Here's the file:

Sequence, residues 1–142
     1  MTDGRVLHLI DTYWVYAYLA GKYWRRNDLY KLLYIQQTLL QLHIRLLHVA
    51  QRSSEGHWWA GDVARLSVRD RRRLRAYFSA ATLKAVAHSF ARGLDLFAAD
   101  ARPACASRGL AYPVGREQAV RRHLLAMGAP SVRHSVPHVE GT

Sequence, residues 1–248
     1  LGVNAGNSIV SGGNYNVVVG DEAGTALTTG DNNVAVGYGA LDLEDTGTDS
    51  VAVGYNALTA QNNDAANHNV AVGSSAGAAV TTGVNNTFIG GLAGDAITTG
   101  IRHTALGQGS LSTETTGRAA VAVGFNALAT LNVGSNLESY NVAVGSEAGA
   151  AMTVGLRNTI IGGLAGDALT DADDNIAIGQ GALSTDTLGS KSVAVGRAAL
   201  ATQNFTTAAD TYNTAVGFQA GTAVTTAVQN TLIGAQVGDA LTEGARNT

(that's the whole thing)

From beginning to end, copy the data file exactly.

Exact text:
Sequence, residues 1–142
     1  MTDGRVLHLI DTYWVYAYLA GKYWRRNDLY KLLYIQQTLL QLHIRLLHVA
    51  QRSSEGHWWA GDVARLSVRD RRRLRAYFSA ATLKAVAHSF ARGLDLFAAD
   101  ARPACASRGL AYPVGREQAV RRHLLAMGAP SVRHSVPHVE GT

Sequence, residues 1–248
     1  LGVNAGNSIV SGGNYNVVVG DEAGTALTTG DNNVAVGYGA LDLEDTGTDS
    51  VAVGYNALTA QNNDAANHNV AVGSSAGAAV TTGVNNTFIG GLAGDAITTG
   101  IRHTALGQGS LSTETTGRAA VAVGFNALAT LNVGSNLESY NVAVGSEAGA
   151  AMTVGLRNTI IGGLAGDALT DADDNIAIGQ GALSTDTLGS KSVAVGRAAL
   201  ATQNFTTAAD TYNTAVGFQA GTAVTTAVQN TLIGAQVGDA LTEGARNT